Penned by Judge Sri Srinivasan, the opinion states that the president is not fundamentally immune to the law and “does not spend every minute of every day exercising official responsibilities. And when he acts outside the functions of his office, he does not continue to enjoy immunity. … When he acts in an unofficial, private capacity, he is subject to civil suits like any private citizen."

The Democratic lawmakers, in their suits, allege that Trump and his co-conspirators threatened them to halt the congressional session that would have given way to the certification of Joe Biden's presidential victory on Jan. 6. Capitol police officers assert in separate Jan. 6-related lawsuits that they suffered emotional distress and physical injury from the insurrection. The complaints mainly draw from a federal law that bars individuals from conspiring to prevent someone from holding federal office, as noted by CNN.

Judge Greg Katsas wrote in his concurring opinion on Friday that it "is flexible enough to accommodate rare cases where even speech made during a campaign event may be official. And it is cautious, in leaving open both the question whether the [Trump January 6] speech at issue is entitled to immunity and, if not, whether the First Amendment nonetheless protects it.”

Trump campaign spokesperson Steven Cheung in a statement to CNN called the appeals court's decision “limited, narrow and procedural.”

"The facts fully show that on January 6 President Trump was acting on behalf of the American people, carrying out his duties as President of the United States," the statement added.

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Attorneys for the plaintiffs represented by the lawsuits lauded the decision. "This is the right result and an important step forward in holding former President Trump accountable for the insurrection on January 6,” said Matt Kaiser, attorney for Rep. Eric Swalwell, D-Calif.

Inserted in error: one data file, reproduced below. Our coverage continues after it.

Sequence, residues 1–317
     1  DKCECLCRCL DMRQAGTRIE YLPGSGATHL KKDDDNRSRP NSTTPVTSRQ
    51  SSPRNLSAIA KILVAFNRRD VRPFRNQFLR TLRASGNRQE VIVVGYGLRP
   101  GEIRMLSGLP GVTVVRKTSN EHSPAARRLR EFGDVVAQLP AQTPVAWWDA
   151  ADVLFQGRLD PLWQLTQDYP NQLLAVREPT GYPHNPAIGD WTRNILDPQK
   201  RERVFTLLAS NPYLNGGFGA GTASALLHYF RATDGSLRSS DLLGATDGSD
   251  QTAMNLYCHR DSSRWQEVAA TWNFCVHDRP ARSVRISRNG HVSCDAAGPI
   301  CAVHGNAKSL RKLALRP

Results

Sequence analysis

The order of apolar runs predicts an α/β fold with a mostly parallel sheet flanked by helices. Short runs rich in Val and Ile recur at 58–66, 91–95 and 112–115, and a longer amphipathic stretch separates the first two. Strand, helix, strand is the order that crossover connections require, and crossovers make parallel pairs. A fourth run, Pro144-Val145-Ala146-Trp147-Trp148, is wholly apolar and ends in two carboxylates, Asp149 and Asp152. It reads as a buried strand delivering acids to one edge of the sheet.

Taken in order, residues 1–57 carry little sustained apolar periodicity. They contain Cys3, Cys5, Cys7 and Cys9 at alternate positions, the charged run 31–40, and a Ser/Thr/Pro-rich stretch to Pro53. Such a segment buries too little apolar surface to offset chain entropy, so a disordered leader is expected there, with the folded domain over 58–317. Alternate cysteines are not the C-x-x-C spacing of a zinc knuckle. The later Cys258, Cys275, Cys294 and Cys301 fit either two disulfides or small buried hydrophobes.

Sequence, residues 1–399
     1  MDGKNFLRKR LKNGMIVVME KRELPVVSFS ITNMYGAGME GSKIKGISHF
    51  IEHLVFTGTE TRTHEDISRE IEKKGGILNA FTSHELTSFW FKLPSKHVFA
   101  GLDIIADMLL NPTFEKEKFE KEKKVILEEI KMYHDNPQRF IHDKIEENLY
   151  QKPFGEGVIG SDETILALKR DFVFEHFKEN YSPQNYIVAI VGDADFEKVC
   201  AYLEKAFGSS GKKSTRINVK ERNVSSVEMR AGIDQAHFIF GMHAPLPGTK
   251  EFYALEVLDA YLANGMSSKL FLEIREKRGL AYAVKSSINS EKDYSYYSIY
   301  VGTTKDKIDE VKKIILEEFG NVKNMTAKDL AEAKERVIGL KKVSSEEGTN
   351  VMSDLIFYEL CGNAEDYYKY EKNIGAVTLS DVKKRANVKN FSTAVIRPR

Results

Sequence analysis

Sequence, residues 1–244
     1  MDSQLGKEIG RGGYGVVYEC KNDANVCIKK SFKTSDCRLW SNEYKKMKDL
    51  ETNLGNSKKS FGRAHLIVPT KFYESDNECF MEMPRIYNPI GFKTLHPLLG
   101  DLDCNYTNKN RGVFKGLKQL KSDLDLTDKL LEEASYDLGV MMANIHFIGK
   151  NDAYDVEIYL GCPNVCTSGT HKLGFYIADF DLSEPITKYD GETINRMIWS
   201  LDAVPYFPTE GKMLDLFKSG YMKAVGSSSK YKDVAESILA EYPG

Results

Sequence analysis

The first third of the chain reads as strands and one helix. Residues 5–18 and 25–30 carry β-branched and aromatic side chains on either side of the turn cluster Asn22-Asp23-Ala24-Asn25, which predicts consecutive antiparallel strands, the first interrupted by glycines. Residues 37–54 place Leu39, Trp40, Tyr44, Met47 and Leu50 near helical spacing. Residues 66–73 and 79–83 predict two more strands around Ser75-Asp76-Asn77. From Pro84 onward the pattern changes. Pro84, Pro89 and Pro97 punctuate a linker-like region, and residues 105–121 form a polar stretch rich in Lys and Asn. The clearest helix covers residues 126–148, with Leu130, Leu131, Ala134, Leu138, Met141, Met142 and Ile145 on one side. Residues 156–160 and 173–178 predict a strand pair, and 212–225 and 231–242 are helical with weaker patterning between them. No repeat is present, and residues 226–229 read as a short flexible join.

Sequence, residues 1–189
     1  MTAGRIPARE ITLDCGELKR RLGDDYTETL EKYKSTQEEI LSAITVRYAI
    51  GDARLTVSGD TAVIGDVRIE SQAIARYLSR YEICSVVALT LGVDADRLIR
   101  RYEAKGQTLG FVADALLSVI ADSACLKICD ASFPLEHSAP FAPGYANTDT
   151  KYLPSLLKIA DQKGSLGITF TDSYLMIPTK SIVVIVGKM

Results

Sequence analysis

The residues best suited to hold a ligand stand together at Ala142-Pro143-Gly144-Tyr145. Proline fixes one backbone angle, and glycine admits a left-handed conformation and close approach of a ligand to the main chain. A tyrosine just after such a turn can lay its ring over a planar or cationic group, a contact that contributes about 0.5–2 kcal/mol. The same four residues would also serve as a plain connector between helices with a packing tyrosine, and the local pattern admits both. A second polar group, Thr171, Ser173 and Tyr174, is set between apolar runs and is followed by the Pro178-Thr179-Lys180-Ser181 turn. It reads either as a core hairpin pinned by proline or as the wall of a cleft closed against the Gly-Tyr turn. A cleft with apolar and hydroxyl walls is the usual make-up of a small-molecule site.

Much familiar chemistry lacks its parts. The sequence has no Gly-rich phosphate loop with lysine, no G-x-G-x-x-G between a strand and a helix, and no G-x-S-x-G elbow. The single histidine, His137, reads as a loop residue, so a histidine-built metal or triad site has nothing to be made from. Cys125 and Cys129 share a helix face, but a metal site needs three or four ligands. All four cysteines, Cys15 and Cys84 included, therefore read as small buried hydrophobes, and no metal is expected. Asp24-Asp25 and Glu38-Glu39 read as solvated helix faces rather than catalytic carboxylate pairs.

"Today’s ruling makes clear that those who endanger our democracy and the lives of those sworn to defend it will be held to account,” lawyer Patrick Malone said in a statement after the opinion was released. “Our clients look forward to pursuing their claims in court.”

“We’re moving one step closer to justice, one step closer to accountability, and one step closer to healing some of the wounds suffered by [Officers] James Blassingame and Sidney Hemby,” said Kristy Parker, counsel at Protect Democracy. “As this case shows, our constitutional order does not grant former President Donald J. Trump immunity for his attempt to subvert our democracy.”

George Washington University Law Prof. Randall Eliason after the dual rulings tweeted that it was a "huge day in the progress of the justice system towards holding Trump accountable for the events of January 6, 2021. Huge."

"From the standpoint of legal news, today is an absolute tsunami, culminating in Judge Chutkan’s opinion denying Trump‘s immunity motion," agreed former U.S. Attorney Harry Litman. "Enough legal developments to choke a horse, and all in all a disastrous legal day for Donald Trump."